Worshiping a False God of Healthy Choices

Hermaphrodite IdolWho can possibly argue with the virtue of healthy choices? And yet, that’s precisely what Anita Sreedhar and Anand Gopal are doing in a provocative commentary about the root of our problems in coping with a public health emergency. Much of the world has fallen into a trap: walking away from the common good of public health and instead worshiping the ideal of healthy personal choices above all else.

It is well worth the effort to think about how we got here.

My Body, My Choice

Personal autonomy and freedom is important to everyone. But humans are indeed social animals. If you had any doubts about that, look at the profound impact that constraints on socialization have had on all of us during the pandemic. To be cut off from others hurts us in more ways than we can count.

So with social interactions come constraints to personal freedom and autonomy. Social order compels us to behave within certain boundaries. To stop short of behavior that will harm others. In the midst of a pandemic, that means we should not behave in ways that make us a dangerous vector for an infectious disease that is killing thousands of our neighbors, friends, and loved ones every day.

And yet, here we are, facing angry debates and sloganeering about “my body, my choice” from people who resist wearing masks or taking a vaccine.

Healthy Choices

Sreedhar and Gopal explain that Americans have come to think more about personal responsibility for health. Thus, we place less value on public health. This has consequences, they say:

“Of course, there’s a lot of good that comes from viewing health care decisions as personal choices. No one wants to be subjected to procedures against their wishes.

“But there are problems with reducing public health to a matter of choice. It gives the impression that individuals are wholly responsible for their own health. This is despite growing evidence that health is deeply influenced by factors outside our control; public health experts now talk about the ‘social determinants of health,’ the idea that personal health is never simply just a reflection of individual lifestyle choices, but also the class people are born into, the neighborhood they grew up in and the race they belong to.”

Four decades of promoting healthy choices as the answer for rising obesity rates has brought us ever more harm to health from obesity, along with a heaping helping of stigma.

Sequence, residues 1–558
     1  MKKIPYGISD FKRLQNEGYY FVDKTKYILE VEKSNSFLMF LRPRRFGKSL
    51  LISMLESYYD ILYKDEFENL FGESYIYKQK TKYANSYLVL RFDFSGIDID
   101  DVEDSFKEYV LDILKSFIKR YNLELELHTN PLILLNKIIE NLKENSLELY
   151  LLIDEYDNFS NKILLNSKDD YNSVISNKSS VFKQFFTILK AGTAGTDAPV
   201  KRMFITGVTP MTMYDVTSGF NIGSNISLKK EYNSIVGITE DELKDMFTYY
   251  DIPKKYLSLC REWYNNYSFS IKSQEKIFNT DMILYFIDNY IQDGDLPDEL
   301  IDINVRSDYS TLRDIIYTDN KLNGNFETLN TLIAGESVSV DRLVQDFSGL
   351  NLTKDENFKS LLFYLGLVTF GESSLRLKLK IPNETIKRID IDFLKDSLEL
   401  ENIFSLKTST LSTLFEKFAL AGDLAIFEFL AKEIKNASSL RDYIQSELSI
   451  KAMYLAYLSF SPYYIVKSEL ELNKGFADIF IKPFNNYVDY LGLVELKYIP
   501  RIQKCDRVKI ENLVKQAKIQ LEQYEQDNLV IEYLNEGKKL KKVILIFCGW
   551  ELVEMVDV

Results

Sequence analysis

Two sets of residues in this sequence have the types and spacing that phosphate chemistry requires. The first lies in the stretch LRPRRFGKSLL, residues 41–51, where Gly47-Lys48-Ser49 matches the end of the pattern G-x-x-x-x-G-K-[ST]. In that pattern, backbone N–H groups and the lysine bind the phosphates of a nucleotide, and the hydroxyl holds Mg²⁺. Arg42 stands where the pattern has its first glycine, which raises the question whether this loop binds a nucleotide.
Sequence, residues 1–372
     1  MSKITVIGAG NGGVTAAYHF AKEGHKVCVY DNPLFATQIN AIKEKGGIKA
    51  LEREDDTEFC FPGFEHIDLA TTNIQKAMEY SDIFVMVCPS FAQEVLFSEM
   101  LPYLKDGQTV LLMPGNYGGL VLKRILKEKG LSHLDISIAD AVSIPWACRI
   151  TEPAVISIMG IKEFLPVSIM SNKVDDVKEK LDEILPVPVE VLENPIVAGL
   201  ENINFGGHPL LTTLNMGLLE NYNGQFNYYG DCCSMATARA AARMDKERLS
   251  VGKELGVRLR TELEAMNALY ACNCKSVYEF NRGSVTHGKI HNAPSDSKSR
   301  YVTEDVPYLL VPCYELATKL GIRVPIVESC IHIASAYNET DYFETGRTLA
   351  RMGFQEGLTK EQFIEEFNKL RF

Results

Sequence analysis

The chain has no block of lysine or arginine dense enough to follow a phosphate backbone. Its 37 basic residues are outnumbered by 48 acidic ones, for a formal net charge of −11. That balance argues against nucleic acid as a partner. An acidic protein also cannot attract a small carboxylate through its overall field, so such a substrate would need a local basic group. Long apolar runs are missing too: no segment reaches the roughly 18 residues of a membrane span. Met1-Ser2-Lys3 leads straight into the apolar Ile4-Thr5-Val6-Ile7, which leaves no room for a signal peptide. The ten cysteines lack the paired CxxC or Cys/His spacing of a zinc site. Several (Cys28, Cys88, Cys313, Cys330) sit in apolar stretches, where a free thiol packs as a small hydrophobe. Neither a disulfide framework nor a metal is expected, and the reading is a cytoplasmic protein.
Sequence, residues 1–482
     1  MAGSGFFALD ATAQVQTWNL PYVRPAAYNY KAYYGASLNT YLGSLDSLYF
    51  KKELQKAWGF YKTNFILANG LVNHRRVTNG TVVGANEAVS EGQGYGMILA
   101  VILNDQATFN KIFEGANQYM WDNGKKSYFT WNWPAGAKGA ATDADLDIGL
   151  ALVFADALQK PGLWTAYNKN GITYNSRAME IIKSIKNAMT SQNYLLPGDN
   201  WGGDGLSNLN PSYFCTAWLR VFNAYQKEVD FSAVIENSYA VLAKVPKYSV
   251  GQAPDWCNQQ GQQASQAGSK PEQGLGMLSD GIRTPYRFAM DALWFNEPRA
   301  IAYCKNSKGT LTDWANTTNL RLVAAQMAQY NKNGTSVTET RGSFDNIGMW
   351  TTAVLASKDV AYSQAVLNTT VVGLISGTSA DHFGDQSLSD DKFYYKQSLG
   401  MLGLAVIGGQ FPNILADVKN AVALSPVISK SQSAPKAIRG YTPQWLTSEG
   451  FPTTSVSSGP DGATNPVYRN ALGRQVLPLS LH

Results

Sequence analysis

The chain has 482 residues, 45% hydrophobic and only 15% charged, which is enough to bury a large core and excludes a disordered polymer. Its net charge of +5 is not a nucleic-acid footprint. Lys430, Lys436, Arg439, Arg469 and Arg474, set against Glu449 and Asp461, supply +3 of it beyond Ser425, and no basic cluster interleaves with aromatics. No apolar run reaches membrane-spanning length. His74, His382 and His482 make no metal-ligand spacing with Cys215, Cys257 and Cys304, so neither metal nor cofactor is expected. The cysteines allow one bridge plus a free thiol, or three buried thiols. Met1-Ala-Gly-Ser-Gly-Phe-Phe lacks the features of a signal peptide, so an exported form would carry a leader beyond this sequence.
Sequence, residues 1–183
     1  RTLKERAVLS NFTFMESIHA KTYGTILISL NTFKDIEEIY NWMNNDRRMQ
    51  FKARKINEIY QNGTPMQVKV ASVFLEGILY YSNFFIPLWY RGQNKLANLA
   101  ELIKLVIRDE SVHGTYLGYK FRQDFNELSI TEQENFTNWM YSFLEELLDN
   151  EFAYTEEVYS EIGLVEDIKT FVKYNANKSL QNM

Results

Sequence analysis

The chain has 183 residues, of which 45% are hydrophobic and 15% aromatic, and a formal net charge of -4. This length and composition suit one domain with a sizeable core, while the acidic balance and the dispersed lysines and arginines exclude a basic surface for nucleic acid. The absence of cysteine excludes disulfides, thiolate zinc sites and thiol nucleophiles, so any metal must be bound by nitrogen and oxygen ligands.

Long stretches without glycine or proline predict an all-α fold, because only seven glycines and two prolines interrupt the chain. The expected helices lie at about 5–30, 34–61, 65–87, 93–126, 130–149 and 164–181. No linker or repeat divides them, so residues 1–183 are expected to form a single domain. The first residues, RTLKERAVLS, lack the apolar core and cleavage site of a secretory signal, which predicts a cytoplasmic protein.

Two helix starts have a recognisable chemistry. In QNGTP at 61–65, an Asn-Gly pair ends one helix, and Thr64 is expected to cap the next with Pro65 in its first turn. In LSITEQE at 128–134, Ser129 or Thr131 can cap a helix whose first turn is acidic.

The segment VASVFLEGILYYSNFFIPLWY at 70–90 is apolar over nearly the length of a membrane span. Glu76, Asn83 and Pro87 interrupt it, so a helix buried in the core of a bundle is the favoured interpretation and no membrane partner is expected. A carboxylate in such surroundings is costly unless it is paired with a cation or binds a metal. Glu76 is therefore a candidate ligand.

Too Much of a Good Thing

Four centuries ago, Shakespeare gave us a clue that too much of a good thing is a bad thing. So it is with personal autonomy and appeals to personal choice. Cayce Hook and Hazel Rose Markus write that narratives about free choice and personal responsibility are making us sick:

“These narratives contribute to ill health in the United States. They encourage stress and worry over health, blame and stigmatization of the unhealthy, widened health disparities, and the failure to adopt policies that could save lives.”

Healthy personal choices have become an excuse for neglecting responsibilities to each other for a healthy community. While we have been worshiping a false god of healthy choices, disparities have grown. Trust has withered. People who feel betrayed by their leaders are in no mood to pay attention to public health guidance. Stark disparities in health, social, and economic status fuel distrust among people who feel abandoned. An Amazon truck driver describes the situation:

“When you’re in a high tax bracket, the government protects you. So why wouldn’t you trust a government that protects you?”

He and his friends don’t believe that the government really cares about them when it pushes vaccination.

The Luxury of a Healthy Lifestyle

So here we are. People with the luxury of healthy lifestyles can feel good about their freedom to make healthy choices. Others live more constrained lives. But the pandemic is showing us that none of us are safe from this virus unless all of us are safe.

Click here for the essay from Sreedhar and Gopal, here for the paper by Hook and Markus.

Hermaphrodite Idol, painting by Carlo Carra / WikiArt

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December 5, 2021